August 2020 Newsletter
Built the first version of Excal, my Vulkan rendering engine. Also ported my Perlin noise terrain generator from OpenGL to Excal.
Received a Vulkan t-shirt from Khronos, the parent company of Vulkan.
Wrote notes on the how the graphics pipeline, GPU, and CPU Cache work while reading through Real-time Rendering.
Wrote summaries of my favorite Slate Star Codex posts.
Slate Star Codex
Controversial stories will spread more.
Publicizing how strongly you believe an accusation that is obviously true signals nothing. Only controversial things get spread. A rape allegation will only be spread if it’s dubious enough to split people in half along lines corresponding to identity politics. This is why so much coverage [on rape allegations] focuses on the proposal that all accused rapists should be treated as guilty until proven innocent.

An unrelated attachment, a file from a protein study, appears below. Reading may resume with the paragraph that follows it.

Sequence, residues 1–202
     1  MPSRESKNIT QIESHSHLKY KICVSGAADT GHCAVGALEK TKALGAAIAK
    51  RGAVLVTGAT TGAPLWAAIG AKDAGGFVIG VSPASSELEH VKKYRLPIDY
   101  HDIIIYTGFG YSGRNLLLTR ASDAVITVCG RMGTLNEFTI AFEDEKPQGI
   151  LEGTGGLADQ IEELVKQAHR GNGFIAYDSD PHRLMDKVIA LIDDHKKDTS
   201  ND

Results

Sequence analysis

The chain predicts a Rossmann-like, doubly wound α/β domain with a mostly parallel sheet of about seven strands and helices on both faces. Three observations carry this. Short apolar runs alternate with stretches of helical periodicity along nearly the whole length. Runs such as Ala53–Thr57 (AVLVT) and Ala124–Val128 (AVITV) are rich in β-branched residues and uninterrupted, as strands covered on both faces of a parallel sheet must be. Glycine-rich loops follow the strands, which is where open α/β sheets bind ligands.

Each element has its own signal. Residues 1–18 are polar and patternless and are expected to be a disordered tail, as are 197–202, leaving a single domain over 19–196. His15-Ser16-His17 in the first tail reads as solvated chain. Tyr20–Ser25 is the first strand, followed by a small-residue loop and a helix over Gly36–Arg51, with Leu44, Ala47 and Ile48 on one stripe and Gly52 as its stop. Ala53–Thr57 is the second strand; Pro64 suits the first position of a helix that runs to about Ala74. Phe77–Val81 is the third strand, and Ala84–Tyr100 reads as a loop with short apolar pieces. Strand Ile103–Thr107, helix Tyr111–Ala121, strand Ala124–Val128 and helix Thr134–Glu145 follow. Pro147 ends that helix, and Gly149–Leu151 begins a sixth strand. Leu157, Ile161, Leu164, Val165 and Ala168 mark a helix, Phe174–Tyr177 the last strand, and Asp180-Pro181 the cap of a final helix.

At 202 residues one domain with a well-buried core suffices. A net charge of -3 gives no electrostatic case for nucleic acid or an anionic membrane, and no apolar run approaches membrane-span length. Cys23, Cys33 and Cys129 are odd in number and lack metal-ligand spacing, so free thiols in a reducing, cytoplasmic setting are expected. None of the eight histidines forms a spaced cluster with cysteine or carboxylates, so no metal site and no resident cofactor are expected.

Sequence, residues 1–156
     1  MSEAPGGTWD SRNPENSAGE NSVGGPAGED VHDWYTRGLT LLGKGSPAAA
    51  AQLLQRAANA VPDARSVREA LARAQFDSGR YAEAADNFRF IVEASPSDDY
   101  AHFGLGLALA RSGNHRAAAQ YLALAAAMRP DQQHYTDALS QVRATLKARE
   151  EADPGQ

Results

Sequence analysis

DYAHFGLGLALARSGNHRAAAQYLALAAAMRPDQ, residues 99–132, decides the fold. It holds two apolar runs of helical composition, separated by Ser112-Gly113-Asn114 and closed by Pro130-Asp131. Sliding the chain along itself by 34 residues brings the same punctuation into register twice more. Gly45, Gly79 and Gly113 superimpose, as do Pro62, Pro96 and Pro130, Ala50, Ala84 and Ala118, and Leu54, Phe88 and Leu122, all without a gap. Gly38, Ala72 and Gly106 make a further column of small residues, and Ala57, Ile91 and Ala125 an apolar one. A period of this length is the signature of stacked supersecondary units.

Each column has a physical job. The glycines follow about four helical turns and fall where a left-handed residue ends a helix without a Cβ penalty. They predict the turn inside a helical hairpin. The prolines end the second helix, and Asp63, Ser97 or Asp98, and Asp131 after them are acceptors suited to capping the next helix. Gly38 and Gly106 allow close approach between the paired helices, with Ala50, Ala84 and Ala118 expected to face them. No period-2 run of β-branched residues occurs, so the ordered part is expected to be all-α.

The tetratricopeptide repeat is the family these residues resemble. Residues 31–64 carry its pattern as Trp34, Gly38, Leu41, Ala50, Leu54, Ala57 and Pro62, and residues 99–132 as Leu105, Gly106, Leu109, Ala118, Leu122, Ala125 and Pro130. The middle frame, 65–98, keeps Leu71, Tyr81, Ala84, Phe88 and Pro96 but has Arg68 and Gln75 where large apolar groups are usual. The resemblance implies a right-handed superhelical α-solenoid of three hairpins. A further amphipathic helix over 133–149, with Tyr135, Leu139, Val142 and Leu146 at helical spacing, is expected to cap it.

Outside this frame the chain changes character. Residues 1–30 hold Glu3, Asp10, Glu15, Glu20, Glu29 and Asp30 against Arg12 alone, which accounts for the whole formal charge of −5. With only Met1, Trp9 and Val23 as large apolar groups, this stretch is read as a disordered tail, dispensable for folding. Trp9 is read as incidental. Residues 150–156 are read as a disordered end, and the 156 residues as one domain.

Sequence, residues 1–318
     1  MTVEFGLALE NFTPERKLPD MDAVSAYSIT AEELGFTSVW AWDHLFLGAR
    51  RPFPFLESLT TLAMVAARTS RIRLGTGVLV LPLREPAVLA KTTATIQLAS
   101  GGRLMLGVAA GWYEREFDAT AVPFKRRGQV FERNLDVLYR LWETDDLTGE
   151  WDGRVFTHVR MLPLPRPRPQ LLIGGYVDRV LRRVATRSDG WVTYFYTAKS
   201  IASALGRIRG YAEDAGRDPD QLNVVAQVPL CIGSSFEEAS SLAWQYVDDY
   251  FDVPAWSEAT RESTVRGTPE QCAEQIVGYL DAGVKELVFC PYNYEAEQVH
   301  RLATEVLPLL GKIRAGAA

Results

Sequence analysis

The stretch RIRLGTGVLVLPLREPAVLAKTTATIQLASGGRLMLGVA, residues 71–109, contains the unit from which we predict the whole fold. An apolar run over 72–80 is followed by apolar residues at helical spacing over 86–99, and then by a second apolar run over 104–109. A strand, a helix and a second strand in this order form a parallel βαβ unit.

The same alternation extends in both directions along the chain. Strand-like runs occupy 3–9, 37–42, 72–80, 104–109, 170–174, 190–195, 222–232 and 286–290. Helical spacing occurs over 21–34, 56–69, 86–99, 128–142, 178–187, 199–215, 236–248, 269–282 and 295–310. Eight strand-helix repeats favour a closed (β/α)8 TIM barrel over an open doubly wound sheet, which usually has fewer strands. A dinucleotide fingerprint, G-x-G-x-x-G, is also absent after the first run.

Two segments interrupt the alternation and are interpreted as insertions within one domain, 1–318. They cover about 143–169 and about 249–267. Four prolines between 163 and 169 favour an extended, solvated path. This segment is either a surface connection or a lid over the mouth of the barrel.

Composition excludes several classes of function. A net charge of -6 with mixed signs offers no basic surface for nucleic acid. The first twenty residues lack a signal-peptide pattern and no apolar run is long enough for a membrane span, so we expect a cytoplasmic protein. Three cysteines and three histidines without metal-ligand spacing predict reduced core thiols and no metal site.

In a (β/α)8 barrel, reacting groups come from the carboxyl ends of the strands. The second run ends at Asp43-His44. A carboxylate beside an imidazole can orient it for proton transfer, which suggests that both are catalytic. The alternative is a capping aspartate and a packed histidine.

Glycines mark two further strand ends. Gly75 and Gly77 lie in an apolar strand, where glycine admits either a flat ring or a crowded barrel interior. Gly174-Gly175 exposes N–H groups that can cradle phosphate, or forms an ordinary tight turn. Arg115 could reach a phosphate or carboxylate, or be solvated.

A lack of competition allows investments with long-term payoffs to succeed.
The Old World contains Rome and China. The New World contains Aztecs. Rome and China are very close to each other. Now what happens [if this was a game of Civilization V]?
Rome and China spend the Stone, Bronze, and Iron Ages hacking each other to bits. Aztecs spend those Ages building cities, researching technologies, and building unique Wonders of the World that provide powerful bonuses. In 1492, they discover Galleons and start crossing the ocean. The powerful and advanced Aztec empire crushes the exhausted axe-wielding Romans and Chinese.